Better Strategies Needed for Managing NAFLD in Adults
Needs assessment survey conducted in response to increasing clinical burden of nonalcoholic fatty liver disease, nonalcoholic steatohepatitis
MONDAY, July 26, 2021 (HealthDay News) -- Effective screening, diagnosis, and management strategies are needed for patients with nonalcoholic fatty liver disease (NAFLD) and nonalcoholic steatohepatitis (NASH), according to a special report published online July 26 in Gastroenterology.
Fasiha Kanwal, M.D., from Baylor College of Medicine in Houston, and colleagues reviewed and discussed the literature on global burden, screening, risk stratification, diagnosis, and management of individuals with NAFLD, including those with NASH, to develop guidelines for NAFLD/NASH care.
The authors note that the clinical burden of NAFLD and NASH has increased steadily; NAFLD currently affects 25 percent of the global population and >60 percent of patients with type 2 diabetes. Recommendations include the need to develop more sensitive and specific diagnostic methods for NASH due to the invasive nature and relatively high expense of liver biopsy. Multidisciplinary, team-based care is crucial when NAFLD progresses to NASH; developing and validating algorithmic approaches, as well as connectivity and multidirectional referrals, is necessary to improve the traditional model of primary, secondary, and tertiary care. Clinical care pathways using validated and efficient noninvasive tests and calculators are crucial for a multidisciplinary approach to NAFLD/NASH management. The public health response to NAFLD is limited, and intersociety collaboration for harmonizing guidelines to optimize screening, diagnosis, and management is needed.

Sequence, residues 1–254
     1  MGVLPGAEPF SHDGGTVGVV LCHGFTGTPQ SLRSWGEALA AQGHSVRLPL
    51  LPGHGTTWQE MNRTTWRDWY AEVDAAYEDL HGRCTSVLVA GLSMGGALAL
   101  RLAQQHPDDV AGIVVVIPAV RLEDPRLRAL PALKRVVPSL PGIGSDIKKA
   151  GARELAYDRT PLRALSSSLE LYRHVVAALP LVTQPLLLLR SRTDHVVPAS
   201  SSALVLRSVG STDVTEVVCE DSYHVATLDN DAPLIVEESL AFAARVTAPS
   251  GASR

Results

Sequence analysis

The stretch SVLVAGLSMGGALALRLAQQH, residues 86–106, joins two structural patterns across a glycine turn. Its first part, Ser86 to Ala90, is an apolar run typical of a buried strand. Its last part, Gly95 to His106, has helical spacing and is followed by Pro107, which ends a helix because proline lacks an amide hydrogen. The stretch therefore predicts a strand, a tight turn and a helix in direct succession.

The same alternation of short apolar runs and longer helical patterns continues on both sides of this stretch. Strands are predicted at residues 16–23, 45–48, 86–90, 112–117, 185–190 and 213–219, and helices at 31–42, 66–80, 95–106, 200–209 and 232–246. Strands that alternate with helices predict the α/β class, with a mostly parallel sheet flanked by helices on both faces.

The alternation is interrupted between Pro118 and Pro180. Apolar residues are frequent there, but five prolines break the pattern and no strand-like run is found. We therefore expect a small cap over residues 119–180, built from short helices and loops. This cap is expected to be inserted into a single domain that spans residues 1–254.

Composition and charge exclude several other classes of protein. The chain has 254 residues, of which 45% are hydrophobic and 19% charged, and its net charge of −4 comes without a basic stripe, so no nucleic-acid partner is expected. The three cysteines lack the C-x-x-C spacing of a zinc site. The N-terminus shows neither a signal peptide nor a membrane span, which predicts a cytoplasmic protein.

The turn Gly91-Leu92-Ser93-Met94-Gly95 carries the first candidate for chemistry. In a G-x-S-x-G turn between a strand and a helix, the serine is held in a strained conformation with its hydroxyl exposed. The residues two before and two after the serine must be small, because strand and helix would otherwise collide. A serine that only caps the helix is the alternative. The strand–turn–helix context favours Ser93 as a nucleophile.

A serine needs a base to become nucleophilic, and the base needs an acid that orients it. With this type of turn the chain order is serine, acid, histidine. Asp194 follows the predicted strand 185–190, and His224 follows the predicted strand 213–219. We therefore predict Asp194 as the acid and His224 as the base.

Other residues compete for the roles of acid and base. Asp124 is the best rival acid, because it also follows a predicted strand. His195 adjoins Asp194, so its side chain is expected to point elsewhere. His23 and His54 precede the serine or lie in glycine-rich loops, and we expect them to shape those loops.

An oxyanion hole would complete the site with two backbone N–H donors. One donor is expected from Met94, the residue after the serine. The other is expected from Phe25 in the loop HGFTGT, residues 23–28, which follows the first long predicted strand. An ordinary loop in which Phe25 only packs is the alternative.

"The upward trend in NAFLD/NASH incidence and prevalence underscores the importance and urgency of developing and implementing effective screening, diagnosis, and treatment strategies in the United States and globally, particularly among emerging at-risk cohorts, such as patients with diabetes and obesity," the authors write.
Several authors disclosed financial ties to the pharmaceutical industry.